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Dollar Fractions - Issue 1: A Newsletter Is Born

Hey, everyone and welcome to the first edition of Dollar Fractions, the premium version of the Penny
Penny Fractions
Dollar Fractions - Issue 1: A Newsletter Is Born
By David Turner • Issue #45 • View online
Hey, everyone and welcome to the first edition of Dollar Fractions, the premium version of the Penny Fractions newsletter. I’ll keep this opening intro short. First off thank you so much for subscribing and even more so to the couple people who already sent some feedback / suggestions for what they’d want out of this space.
Some readers of this will already know this but the last couple of months I’ve been working shopping a newsletter about music labor / unions that is intended to launch some point in October. This initial Dollar Fractions newsletter is a slight mashup of a couple early drafts of this newsletter. Next week’s newsletter will center back towards music streaming but I wanted to offer a hint a project I’ve been working on a for a little bit here. Please do email me at pennyfractions@gmail.com for any questions. Y'all know I like to chat.

Sight Reading
Last month, the Met Opera achieved a deal with both the American Federation of Musicians and the American Guild of Musicians just before the Met would open for the fall season. What made this story particularly the Times account of it stick out to me was that the terms of the deal weren’t made public. The Times pointed out this peculiarity since previous rounds of negotiations ended with a public result. The implied reason for the silence is that letting out the deal might further highlight the overall financial instability of the Met Opera.
This story pulls at a lot of my loosely connected passions of the south, video games, and a labor dispute. The Nashville, Tennessee chapter of the American Federation of Musicians (Local 257) expressed frustration over Tennessee allocating $5 million in tax rebates to try and lure video game developers to their state. The issue brought up by the local union is that these companies are going around them and instead finding cheaper non-union label to produce music for their video games.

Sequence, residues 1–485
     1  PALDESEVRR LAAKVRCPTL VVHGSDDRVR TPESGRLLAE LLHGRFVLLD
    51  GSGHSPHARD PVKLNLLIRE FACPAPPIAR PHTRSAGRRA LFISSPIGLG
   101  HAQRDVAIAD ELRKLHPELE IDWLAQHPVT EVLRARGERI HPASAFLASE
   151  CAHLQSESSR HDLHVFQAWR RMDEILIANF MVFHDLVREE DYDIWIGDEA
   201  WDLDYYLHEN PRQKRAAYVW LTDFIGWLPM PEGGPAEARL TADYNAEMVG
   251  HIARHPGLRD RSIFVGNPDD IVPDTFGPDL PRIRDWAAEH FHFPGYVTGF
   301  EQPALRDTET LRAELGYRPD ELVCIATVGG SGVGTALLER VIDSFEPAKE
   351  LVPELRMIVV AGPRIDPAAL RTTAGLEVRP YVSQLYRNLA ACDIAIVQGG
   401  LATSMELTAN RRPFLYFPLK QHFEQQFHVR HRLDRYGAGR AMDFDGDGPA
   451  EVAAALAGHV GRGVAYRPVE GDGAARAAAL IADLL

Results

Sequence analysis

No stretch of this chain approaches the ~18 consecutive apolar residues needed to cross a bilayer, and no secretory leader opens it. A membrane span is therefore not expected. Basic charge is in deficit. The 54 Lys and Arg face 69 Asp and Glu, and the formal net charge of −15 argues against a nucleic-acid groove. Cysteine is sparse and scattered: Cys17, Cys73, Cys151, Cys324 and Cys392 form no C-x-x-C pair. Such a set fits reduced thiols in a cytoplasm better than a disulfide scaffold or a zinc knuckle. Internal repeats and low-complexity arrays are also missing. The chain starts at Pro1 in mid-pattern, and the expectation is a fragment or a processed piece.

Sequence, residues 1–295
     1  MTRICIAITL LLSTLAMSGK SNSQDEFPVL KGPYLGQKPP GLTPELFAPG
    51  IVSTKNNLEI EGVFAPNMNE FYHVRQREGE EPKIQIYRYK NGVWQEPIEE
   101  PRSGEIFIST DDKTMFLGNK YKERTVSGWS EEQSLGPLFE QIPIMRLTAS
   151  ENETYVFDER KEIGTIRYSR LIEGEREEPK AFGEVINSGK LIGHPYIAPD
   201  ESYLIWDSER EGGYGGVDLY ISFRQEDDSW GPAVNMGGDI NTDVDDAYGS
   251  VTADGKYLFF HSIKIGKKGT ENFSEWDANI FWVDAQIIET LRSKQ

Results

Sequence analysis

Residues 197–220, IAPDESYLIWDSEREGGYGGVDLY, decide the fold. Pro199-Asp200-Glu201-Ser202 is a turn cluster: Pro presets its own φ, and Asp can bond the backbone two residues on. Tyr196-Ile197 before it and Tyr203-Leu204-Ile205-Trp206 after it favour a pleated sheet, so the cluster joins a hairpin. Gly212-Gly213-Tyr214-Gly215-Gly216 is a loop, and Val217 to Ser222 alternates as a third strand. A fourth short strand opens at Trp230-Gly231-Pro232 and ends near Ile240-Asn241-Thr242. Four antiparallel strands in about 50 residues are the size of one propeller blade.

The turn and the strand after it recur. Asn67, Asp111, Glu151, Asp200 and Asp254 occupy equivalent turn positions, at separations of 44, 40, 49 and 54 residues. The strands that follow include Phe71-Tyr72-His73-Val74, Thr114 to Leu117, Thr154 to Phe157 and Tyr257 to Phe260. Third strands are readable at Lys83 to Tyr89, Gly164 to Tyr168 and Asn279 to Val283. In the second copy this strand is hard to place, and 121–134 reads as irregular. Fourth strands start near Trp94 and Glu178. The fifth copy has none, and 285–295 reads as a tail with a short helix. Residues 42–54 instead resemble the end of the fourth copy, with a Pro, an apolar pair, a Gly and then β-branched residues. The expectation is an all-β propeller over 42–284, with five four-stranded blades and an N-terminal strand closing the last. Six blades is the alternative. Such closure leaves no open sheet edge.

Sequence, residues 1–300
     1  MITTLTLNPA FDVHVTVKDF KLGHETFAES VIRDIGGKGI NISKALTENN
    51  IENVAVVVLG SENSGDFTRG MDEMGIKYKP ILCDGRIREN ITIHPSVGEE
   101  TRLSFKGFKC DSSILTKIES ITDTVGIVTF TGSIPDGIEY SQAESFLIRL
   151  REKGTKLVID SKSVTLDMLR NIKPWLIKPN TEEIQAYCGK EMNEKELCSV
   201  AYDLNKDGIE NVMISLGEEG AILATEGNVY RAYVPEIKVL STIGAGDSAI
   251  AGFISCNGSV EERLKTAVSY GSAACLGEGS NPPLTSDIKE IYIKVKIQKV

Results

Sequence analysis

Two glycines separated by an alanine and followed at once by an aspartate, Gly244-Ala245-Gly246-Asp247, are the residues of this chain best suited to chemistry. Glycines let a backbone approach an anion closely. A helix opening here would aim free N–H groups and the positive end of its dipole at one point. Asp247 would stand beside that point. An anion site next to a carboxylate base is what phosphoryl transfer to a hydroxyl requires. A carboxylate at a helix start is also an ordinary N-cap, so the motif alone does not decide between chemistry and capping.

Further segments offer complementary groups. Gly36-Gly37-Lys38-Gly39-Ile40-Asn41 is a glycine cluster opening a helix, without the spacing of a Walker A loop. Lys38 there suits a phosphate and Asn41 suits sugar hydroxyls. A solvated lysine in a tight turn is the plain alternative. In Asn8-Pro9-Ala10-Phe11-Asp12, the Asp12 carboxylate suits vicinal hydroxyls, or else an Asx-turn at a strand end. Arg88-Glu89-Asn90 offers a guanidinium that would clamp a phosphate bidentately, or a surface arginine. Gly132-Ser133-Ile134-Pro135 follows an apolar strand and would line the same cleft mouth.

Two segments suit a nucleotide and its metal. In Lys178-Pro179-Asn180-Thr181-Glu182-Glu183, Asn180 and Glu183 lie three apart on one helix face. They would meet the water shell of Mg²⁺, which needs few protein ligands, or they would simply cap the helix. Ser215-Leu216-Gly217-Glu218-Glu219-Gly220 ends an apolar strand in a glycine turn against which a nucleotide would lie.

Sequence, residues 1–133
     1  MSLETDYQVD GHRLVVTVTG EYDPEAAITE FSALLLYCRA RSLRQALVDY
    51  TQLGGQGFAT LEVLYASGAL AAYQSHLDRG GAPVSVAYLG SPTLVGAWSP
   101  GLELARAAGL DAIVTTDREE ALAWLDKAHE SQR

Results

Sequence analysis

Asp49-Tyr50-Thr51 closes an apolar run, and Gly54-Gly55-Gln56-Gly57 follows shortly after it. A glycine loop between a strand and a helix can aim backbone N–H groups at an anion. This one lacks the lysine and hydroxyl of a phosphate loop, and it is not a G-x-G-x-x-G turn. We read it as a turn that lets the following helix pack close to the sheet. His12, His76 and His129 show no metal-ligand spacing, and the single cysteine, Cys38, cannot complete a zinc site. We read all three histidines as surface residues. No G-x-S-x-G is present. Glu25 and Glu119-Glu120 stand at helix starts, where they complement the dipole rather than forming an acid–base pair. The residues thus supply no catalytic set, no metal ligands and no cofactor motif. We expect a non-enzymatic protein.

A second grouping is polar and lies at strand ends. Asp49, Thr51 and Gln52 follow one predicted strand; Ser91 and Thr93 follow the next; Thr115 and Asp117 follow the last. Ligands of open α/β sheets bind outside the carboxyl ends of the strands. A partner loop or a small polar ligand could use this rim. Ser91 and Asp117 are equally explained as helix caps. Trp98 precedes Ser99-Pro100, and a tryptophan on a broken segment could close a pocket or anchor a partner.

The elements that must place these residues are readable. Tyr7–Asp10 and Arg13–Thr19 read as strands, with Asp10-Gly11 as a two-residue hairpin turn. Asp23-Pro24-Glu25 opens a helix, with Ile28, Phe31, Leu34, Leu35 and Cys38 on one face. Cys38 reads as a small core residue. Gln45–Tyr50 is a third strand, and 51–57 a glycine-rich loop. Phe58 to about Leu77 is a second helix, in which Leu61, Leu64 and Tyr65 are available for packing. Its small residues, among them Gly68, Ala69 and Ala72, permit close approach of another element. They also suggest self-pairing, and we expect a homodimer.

The most telling section of the story to me to me was right here:
The typical union musician gets about $125 per hour in pay and benefits for a session, but non-union musicians get about $75 without contributions to their health or retirement.
The fact that Tennessee is a right-to-work state only further empowers these video game developers to find non-unionized labor.
The story felt extremely poignant to me right now as the video game industry is seeing increased mobilization around unionization through the organization Game Workers Unite.
This is just a nice little story about a few members of the American Federation of Musicians Local 660 in Centre County, Pennsylvania staking it out on their own playing local farmers markets and community events. RIYL: Farmer’s Markets, retirement, and pre-rock music.
Columbus Symphony Reaches New Contract Deal
Last month it was announced that the Columbus Symphony and the Central Ohio Federation of Musicians Local 103 came to a three year deal with the orchestra’s board that’ll extend through the 2020-21 season. This deal will include a 3% raise for the 47 full time musicians, which at first glance appears to be a better deal than what was handed in 2015. The details of that deal weren’t reported out except that the 42 full time musicians would be keeping their jobs and that both sides were happy not to reach any conflict. 
The reason for such relief is that in 2008 the orchestra’s board attempted to make drastic cuts to the Columbus Symphony that would’ve shrunk the symphony staff from 53 to 31 and the number of paid weeks from 46 to 34. Their union didn’t accept these terms and nor was Junichi Hirokami, the orchestra’s music director, too happy about what was happening to the musicians he led. He spoke passionately to the New York Times defending the symphony and attacking the board. Ultimately the tension latest for nearly six months and in the end no one lost their jobs but there was a 27% salary cut and the board did eventually remove Hirokami.
One of Hirokami’s complaints was that the orchestra’s board wasn’t doing enough to try and raise money. An interesting point and one I’ll certainly keep researching about how symphonies are able to sustain themselves during such rough economic times.
Did you enjoy this issue?
David Turner

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